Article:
Tech Revolution Part 1 – Going Paperless In Court
Using case management software on our iPads has revolutionised our business during lockdown
A bold statement from a lawyer leading the pack when it comes to disrupting the way court lawyers operate and run their firms.
SMART way to work
If the global pandemic has taught us anything, it’s that there has never been a better opportunity to trial working a bit smarter. Even the unyielding court lawyer has started to join the tech revolution.
One reason lawyers love their mobile devices is because they’re convenient, help them work/communicate on the go and for the most part increase productivity. I don’t think anyone could really argue with that.
When you can work from numerous locations, you must be able to make the most of the very little time you have in your day. Many lawyers we partner with see using devices as the “smart” way to work. They maintain that working from a mobile device like a smart phone or iPad makes it easy to be a more mobile, productive lawyer. By using the likes of an iPad to manage your tasks, you can easily track your productivity and ensure that work gets done, whether you’re at home, in the office, visiting a client or in court. At least, that’s the goal. However, if your law firm doesn’t use iPads, you’re not alone. In fact, you’re in the majority when it comes to court lawyers in this country.
Selling the dream
If you don’t use a tablet in court, you’ve probably contemplated getting one. But can you really use one to practice more effectively? Tech experts, like us, say “yes” and tell you how to use mobile devices to increase productivity and gain an edge in the courtroom. However, is that just ‘techy’ BS – a way of providers selling the dream of a paperless existence? What about the reality of being in a court environment? That’s one area that most legal tech companies are not experts in.
So, when it comes to using your case management system, accessing/bundling court documents, taking notes and communicating with your clients, can it really be done in such a way that works in real life? And perhaps more importantly, means you don’t feel lost without that glorious piece of tangible, fibrous material you have clung on to for all these years?
Going paperless in court for real
Carrying bundles of case files to court can be disorganised, time consuming and unsecure. Lawyers are taking files between offices, courts, prisons, and home. What if somebody told you that all of your file notes, witness statements, productions, correspondence and everything else you need could be available electronically on an iPad, would you do it?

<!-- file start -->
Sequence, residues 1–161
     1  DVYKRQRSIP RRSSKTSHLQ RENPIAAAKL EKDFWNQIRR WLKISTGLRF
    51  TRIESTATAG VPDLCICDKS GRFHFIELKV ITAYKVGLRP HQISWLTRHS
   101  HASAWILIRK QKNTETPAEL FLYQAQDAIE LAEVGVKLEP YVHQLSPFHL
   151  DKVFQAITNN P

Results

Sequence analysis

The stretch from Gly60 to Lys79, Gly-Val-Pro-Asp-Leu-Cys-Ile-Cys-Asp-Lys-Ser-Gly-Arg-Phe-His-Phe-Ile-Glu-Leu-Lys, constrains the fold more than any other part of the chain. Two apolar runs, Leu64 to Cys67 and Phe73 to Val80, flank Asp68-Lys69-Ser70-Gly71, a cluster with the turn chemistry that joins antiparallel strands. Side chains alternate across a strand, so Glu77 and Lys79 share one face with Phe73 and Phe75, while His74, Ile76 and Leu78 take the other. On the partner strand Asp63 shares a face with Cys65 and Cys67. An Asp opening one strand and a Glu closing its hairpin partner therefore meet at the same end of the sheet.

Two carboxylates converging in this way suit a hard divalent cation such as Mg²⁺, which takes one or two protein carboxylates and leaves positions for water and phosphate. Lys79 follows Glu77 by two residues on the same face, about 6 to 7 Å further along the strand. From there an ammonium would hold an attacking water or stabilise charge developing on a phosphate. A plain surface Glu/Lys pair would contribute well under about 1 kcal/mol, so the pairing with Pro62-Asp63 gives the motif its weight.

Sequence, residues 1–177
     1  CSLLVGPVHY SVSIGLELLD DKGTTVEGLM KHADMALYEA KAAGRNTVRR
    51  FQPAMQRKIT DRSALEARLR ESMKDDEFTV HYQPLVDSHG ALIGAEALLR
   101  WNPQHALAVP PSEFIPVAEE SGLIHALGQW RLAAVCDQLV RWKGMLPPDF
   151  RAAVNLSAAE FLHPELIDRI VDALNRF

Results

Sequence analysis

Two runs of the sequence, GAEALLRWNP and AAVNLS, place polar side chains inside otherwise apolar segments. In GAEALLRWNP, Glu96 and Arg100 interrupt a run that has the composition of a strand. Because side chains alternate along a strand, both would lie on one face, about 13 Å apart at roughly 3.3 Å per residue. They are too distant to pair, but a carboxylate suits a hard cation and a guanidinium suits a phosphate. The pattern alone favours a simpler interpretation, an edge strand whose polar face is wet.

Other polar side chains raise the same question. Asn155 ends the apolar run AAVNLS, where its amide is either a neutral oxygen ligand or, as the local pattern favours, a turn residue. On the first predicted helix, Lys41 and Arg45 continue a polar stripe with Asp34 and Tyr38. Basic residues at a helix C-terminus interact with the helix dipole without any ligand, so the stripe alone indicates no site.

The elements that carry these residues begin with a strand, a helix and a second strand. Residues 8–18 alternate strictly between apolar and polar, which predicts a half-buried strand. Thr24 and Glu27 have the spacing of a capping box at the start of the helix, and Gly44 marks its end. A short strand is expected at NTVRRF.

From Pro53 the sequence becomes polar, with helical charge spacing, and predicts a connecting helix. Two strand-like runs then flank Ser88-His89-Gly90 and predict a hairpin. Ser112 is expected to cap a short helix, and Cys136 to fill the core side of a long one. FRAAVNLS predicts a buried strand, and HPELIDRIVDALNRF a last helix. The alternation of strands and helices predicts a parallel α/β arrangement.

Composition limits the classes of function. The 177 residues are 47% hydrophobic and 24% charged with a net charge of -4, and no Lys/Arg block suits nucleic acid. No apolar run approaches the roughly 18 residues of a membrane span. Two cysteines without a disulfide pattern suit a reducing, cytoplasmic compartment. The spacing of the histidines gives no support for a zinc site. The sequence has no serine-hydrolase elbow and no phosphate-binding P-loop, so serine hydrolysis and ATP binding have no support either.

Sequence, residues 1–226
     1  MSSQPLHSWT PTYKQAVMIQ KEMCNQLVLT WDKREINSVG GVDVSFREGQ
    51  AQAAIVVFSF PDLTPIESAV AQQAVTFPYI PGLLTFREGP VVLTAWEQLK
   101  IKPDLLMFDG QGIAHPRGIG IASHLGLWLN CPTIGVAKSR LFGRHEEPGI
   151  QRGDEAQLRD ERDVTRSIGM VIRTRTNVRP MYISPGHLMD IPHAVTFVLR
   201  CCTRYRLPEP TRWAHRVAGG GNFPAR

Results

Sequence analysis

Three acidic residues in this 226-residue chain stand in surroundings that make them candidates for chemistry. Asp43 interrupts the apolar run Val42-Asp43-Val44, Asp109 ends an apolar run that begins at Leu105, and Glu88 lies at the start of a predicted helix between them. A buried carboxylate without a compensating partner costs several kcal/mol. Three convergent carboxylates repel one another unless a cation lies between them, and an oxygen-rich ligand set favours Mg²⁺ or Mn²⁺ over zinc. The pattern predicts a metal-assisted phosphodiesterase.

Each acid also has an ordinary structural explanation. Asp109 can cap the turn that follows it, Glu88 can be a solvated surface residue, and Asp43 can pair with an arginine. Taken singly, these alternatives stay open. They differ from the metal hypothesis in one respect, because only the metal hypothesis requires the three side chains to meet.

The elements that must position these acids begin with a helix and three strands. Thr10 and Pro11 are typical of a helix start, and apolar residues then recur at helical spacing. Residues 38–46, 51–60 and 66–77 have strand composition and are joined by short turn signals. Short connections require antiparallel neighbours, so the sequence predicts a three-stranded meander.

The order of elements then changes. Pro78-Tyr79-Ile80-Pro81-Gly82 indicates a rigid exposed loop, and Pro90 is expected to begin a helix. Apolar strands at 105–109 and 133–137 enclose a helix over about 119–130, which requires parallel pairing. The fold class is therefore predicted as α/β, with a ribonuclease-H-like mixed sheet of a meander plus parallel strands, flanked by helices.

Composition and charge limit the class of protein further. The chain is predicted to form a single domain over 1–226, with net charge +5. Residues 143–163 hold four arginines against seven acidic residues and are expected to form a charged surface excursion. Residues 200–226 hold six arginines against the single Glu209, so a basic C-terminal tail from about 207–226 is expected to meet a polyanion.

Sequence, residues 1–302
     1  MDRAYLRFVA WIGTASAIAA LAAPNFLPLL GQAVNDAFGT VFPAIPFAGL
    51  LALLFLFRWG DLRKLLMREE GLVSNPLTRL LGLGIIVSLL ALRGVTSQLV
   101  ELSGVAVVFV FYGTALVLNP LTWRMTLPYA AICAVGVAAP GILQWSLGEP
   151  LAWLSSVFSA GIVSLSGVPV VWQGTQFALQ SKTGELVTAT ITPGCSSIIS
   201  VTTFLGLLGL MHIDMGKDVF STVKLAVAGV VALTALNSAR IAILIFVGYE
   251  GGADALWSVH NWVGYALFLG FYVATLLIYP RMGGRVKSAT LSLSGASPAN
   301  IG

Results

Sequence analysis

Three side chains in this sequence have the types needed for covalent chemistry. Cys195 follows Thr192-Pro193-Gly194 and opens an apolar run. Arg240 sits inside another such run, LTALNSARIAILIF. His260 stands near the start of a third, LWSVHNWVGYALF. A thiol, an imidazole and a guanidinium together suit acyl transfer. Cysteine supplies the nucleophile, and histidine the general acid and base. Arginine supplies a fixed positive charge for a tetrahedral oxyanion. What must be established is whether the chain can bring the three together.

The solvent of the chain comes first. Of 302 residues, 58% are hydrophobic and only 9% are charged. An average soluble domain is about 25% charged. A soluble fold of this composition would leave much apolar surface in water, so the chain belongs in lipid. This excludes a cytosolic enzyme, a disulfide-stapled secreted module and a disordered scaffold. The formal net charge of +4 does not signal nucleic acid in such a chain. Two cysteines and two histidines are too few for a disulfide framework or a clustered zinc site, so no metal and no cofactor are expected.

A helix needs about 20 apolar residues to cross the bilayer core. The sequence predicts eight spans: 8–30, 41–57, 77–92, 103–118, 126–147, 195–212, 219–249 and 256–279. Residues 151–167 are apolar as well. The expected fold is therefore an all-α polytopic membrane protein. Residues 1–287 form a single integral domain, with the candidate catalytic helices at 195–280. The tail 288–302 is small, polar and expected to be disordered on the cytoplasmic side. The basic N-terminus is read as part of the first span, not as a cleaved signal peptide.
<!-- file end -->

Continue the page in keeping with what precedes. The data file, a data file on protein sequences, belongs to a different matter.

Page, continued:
The team at McGovern Reid Court Lawyers in Glasgow did it. That’s right, they bit the bullet and one day just stopped producing paper files. Was it easy? No. Was there some apprehension and trepidation about walking into court with a bit of tech instead of the ever reliable mountain of tangible paper files? Absolutely yes! But the proof is in the pudding. When a lawyer tells you that something is “revolutionising” the way they run their business that’s normally when ears prick up. So, in this case, it’s not the fancy tech company spouting a line to get you to buy their product, it’s coming from the guys at the coalface, the ones in the trenches. But now they’re armed with a powerful weapon – technology!
We reached out to Matthew McGovern and asked him about how him and his partner, Bobby Reid, are changing the game in court…
Q. When did you start introducing new tech into your practice?
“We had seen the Crown going paperless and operating iPads in court and we thought that we should be doing the same. We also felt that the administrative burden placed upon us by both our client base and the court was becoming increasingly unmanageable and that technology could be offer us significant time savings as well as reducing costs in the medium term. Then, the pandemic hit, and we knew it was time to make real change. In April of last year, we started using Denovo’s CaseLoad and during the summer, we invested in iPads with keyboards and pencils. We now use our iPads at court on a daily basis and are carrying fewer and fewer paper files. It’s revolutionised the way we work”
Q. What are some of the key challenges you faced when introducing new technology?
“The first challenge that we had to consider was whether the transition to technology would be affordable for us. The majority of our work is funded through legal aid and the fee rates are ultimately a significant barrier to investing in and developing our firm. Whilst the technology and software required an upfront capital investment, that has been offset against a reduction in expenditure in other areas of the business and our initial analysis is that, notwithstanding the initial expense, the technology that we’ve introduced will represent a significant saving to the firm over the course of the next couple of years.